Fire TV Stick with Alexa Voice Remote - first impressions

Purpose of this post
To share my experiments in devices and software that could improve the quality of life for partially sighted people. I am a programmer with full sight.

Motivation
A close relative, aged about 80, is recently widowed, and thus no longer has the "eyes" she used to have available 24/7.
She is partially sighted, which in her case I define as not being able to make out numbers on a large remote, even with a very strong illuminated magnifying glass, and therefore relies on touch, relative positioning, and physical anchors.
She has no internet etc experience right now (and therefore no broadband connection), but is prepared to learn.
Cost is a factor. The proprietary screen readers might do their job very well, but they are very expensive. My hope is that the improvements in speech synthesis and speech recognition for the mass market, and the trend towards lower prices, will benefit the blind and partially sighted.
She currently has Sky, largely because of her interest in cricket

First goals
As a partially sighted person, and using her TV as the "content delivery" device, to be able to:
navigate channels on a TV
find programmes by name, wildcard or category
list available movies by name, wildcard or category
list available music by name, wildcard or category

First experiments
I've been reviewing the products from Google, Apple, and Amazon, weighing up their suitability in terms of a) use by an internet/gadget/app newbie, and b) cost
I have excluded Microsoft (Windows) and Apple (MacOS) for now, as that would mean getting to grips with

Comments (8)

dennisaa's picture

Reply to dennisaa by dennisaa

(continuation of the previous post - I am new to this forum - anyone tell me how to edit my own post? any markdown available for emphasis etc?)
...getting to grips with a laptop of some form - not much use for her with the degree of partial sight.
So this is my initial shopping list:
BT broadband with BT sport
I want to see if for her needs she can do without fibre, as that will save a few pounds. BT Sport is £3.50 per month to BT subscribers. That would allow her to ditch the Sky Sport at about £40 per month. She already has a BT line and a subscription that is more expensive that is needed, so maybe an extra £10 per month would get her internet (15mbps is the current estimate), and her beloved cricket. (I'm assuming Channel 4 covers off the other sporting interest of horse racing)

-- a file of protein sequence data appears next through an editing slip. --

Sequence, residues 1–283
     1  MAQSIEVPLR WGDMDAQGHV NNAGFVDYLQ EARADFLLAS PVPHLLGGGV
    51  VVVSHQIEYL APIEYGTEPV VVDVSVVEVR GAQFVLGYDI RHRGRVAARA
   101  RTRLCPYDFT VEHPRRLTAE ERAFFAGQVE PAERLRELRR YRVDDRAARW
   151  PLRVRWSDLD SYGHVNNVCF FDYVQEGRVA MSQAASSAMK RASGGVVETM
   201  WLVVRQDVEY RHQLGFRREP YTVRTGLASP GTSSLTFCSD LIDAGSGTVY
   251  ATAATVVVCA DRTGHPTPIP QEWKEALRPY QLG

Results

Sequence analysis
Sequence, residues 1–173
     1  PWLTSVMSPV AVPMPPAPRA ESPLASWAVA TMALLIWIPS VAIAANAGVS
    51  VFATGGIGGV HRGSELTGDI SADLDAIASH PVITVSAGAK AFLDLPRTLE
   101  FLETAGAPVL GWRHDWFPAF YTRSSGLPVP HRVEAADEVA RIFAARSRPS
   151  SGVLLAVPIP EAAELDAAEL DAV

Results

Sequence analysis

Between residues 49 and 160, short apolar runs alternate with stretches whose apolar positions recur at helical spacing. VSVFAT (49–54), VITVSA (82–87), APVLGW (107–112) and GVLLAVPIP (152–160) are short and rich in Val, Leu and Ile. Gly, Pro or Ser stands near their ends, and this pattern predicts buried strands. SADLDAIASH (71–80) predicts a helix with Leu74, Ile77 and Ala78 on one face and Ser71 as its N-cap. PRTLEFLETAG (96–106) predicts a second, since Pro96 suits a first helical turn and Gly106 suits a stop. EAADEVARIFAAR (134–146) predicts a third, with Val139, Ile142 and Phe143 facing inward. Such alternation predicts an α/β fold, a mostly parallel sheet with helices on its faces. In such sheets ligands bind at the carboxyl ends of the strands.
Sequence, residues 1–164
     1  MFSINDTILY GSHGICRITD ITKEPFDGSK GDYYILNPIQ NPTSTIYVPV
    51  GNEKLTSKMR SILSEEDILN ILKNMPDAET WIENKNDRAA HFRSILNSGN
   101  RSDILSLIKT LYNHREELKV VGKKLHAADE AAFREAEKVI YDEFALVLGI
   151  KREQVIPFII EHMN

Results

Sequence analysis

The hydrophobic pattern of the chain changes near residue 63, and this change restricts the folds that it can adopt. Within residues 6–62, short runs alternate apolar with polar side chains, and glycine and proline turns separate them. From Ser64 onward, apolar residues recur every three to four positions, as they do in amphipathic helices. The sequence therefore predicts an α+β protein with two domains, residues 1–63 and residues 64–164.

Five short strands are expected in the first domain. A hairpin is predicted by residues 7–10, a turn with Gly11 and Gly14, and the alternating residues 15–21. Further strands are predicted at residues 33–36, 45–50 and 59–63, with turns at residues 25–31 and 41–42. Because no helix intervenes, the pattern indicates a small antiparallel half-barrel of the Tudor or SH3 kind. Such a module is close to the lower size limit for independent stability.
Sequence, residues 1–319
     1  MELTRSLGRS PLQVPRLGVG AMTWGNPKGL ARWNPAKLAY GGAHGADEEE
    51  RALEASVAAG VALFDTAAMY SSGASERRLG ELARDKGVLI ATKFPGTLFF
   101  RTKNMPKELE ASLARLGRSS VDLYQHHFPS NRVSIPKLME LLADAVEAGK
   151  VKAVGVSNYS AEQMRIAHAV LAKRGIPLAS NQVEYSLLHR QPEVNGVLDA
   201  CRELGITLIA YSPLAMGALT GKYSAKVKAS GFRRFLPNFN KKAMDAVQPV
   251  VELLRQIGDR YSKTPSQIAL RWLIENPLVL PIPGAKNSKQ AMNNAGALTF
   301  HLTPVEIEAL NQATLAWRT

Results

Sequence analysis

Fire TV Stick with Alexa Voice Remote
I have just bought this at £40, and have been playing with it for a few hours, trying to put myself in her place.
Findings
Given it is not aimed at specifically at a blind or partially sighted audience, it is fantastic. It has a screen reader option which collapses a bit once it gets into e.g. IPlayer, leaving you not clear where you are. However, I suspect Amazon will improve this as time goes by - I am not clear if the "fault" lies with Amazon or the BBC - while all web content delivered from the UK is legally required to meeting Accessiblity Act requirements, I am sure a lot of public stuff does not.
It is worth buying Amazon Prime at £80 per year (sometimes on offer at £60 per year to new customers): while most people buy it primarily for next-day delivery, for this audience, its real advantage is the fact that it has inclusive movies, music, TV programmes and box sets.
I must emphasise that certainly in the early days or months, if the person with sight challenges has no internet experience, then they need someone with the experience to help set up email and Amazon accounts, broadband, etc.
And I have not yet come to the voice control itself: this works great with UK voices - it understood my wife and I with no training, and the quality of its own voice is excellent.
I will leave it there for now.
If it is not possible to edit, format, provide hyperlinks in these forums, then I may just make this a link to my own blog and perhaps videos.

Please react with your own experiences and thoughts.
Given the influence of the RNIB Brand, it would be great to know they are talking to Amazon, Apple, Google and Microsoft in the UK. Anyone from RNIB care to comment?
Thanks for reading! :-)
Dennis

Tim Moderator's picture

Reply to dennisaa by Tim Moderator

Unfortunately at the moment editing is only possible for moderators and there is no support for formatting other than providing links - which happens automatically on posting if you give the full web address (Including the http:// bit to be on the safe side - I haven't tested this without).

Feel free to link to your blog from here though as I'm sure the community will benefit.

-InTheWorldOfTheBlind-'s picture

Reply to Tim Rayner Moderator by -InTheWorldOfTheBlind-

Great to read this.